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Figure 4. Distribution of vapour in the furnace plenum and progress of the complex decomposition of the wooden fuel during pyrolysis of the biomass exemplified by the char material formed of the wooden packed bed

Obtaining these detailed results allows for a further analysis of the integral behaviour expressed through the species distribution versus the grate length as shown in fig. 5. This distribution is an essential information for the design engineer as it determines the entire grate length required for a complete combustion of wood pellets and thus, has a strong impact on the entire furnace size.

An additional and much broader impact is is generated by strengthening the links between public and private sectors through private-public-partnerships is one of the cornerstones of Luxembourg’s path towards Smart Specialisation and as laid out by the OECD report. It aims at intensifying research, technological development and innovation (RDI) activates by concentrating on Key Enabling Technologies (KETs) such as sustainability. The proposed digital twin concept has a significant impact on on processing of biomass and is considered as a crucial step along the processing chain to the desired high quality biomass furnace encompassing functionality and durability. Creating a digital twin helps to unveil the underlying physics of biomass conversion, and thus, gaining a deepened understanding. The latter enables engineers to design improved reactors and operate them at more favourable conditions with a higher output at reduced costs contributing to a resource efficient Europe. The Digital Twin can also predict responses of the biomass furnace to safety critical events and uncover previously unknown issues before they become critical and thus targets also the societal aspect of safe and reliable processes.

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Figure 5. Time and space averaged distribution of organic matter, humidity,char and ash as inert material versus grate length.


  1. Peters, B., Baniasadi, M., Baniasadi, M., Besseron, X., Estupinan Donoso, A. A., Mohseni, S., & Pozzetti, G. (2019). The XDEM Multi-physics and Multi-scale Simulation Technology: Review on DEM-CFD Coupling, Methodology and Engineering Applications. Particuology, 44, 176 - 193.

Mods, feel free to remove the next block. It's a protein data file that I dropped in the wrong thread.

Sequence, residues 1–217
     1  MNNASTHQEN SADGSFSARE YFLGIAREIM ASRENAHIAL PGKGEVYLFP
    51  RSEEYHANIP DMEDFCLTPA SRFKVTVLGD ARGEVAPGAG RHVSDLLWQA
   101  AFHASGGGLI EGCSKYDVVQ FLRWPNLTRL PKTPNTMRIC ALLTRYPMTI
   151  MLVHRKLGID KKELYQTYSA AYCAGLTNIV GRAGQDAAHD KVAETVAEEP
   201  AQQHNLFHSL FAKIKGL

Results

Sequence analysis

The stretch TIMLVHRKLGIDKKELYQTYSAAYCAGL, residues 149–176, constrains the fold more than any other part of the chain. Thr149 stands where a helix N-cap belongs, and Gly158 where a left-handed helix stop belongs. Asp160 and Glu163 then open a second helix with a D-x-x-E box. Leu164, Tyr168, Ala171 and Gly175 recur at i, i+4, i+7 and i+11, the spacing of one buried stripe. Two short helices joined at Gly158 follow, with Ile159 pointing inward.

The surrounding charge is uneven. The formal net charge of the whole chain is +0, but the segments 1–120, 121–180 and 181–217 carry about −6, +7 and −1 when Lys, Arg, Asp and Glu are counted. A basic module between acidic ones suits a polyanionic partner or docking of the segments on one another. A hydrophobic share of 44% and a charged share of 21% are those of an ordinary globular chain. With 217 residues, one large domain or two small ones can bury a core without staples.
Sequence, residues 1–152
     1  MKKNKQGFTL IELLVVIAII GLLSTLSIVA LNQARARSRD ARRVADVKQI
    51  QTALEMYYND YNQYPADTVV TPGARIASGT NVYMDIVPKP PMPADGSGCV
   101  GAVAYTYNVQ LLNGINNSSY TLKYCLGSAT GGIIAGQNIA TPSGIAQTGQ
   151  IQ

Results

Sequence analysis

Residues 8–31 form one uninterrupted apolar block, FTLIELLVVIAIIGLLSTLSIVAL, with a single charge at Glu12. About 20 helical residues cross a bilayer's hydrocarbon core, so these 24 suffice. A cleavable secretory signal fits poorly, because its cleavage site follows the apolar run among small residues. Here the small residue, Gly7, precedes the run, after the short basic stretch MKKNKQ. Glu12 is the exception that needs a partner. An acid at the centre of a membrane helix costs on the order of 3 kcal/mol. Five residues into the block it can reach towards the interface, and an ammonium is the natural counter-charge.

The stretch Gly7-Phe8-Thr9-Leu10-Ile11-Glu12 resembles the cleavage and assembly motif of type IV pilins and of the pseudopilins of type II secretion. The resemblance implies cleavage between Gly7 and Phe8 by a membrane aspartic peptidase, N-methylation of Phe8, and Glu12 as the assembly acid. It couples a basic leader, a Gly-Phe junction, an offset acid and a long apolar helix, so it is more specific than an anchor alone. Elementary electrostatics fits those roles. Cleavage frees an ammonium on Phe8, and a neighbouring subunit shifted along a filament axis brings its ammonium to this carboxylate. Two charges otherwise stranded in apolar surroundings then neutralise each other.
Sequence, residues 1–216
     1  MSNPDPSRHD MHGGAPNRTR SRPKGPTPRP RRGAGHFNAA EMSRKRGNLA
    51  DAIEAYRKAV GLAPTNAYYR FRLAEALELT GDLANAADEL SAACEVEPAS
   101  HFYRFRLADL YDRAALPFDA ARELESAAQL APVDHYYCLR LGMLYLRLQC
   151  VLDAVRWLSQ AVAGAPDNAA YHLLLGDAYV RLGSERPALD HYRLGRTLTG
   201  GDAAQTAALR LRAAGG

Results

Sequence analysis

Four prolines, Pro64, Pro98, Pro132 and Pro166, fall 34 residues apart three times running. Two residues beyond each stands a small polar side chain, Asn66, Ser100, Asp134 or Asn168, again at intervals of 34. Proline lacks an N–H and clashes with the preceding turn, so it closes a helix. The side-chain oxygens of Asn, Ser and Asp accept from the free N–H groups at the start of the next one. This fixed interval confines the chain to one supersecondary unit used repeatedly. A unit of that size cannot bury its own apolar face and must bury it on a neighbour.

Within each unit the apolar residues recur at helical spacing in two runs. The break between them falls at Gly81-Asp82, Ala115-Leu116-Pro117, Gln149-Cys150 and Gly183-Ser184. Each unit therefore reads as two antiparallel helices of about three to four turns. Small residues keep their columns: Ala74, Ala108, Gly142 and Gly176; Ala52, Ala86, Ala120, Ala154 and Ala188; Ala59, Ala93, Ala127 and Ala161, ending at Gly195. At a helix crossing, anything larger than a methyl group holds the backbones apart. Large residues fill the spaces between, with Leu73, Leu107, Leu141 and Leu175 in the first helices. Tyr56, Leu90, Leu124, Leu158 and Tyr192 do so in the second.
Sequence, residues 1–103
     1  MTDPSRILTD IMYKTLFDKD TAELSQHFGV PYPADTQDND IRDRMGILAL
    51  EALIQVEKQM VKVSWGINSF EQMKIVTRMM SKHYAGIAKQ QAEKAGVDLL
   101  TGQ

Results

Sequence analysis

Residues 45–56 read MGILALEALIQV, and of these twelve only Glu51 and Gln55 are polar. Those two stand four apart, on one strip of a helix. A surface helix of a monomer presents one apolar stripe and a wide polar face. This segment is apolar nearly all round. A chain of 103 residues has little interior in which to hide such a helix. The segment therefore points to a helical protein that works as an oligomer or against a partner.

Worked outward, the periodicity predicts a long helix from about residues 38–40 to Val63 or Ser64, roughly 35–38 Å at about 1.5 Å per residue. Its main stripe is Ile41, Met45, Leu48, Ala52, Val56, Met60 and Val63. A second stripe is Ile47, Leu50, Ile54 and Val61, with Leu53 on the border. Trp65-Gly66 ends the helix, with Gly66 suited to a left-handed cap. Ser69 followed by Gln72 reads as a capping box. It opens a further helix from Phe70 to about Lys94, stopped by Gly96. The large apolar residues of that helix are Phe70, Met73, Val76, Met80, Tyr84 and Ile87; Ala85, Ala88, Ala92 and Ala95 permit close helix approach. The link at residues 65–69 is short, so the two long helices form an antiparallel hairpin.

2. B. Peters. The extended discrete element method (XDEM) for multi-physics applications. Scholarly Journal of Engineering Research, 2(1):1-20, 2013 

  3. Pozzetti, G., Jasak, H., Besseron, X., Rousset, A., & Peters, B. (2019). A parallel dual-grid multiscale approach to CFD-DEM couplings. Journal of Computational Physics, 378, 708-722. 

  4. Pozzetti, G., Besseron, X., Rousset, A., & Peters, B. (2018, September 14). A co-located partitions strategy for parallel CFD-DEM couplings. Advanced Powder Technology. 

  5. B. Peters, X. Besseron, A. A. Estupinan Donoso, F. Hoffmann, M. Michael, and A. H. Mahmoudi. The extended discrete element method (xdem) applied to drying of a packed bed. Industrial Combustion, 14:1–16, 2014. 

  6. A. H. Mahmoudi, F. Hoffmann, and B. Peters. Application of xdem as a novel approach to predict drying of a packed bed. International Journal of Thermal Sciences, 75:65e75, 2014. 

  7. A. H. Mahmoudi, F. Hoffmann, and B. Peters. Detailed numerical modelling of pyrolysis in a heterogeneous packed bed using xdem. Journal of Analytical and Applied Pyrolysis, 106:9–20, 2014. 

  8. Amir Houshang Mahmoudi, Florian Hoffmann, Miladin Markovic, Bernhard Peters, and Gerrit Brem. Numerical modeling of self-heating and self-ignition in a packed-bed of biomass using xdem. Combustion and Flame, 163:358–369, 2016. 

  9. A. H. Mahmoudi, X. Besseron, F. Hoffmann, M. Markovic, and B. Peters. Modeling of the biomass combustion on a forward acting grate using xdem. Chemical Engineering Science, 142:32–41, 2016. 

Last update: May 27, 2021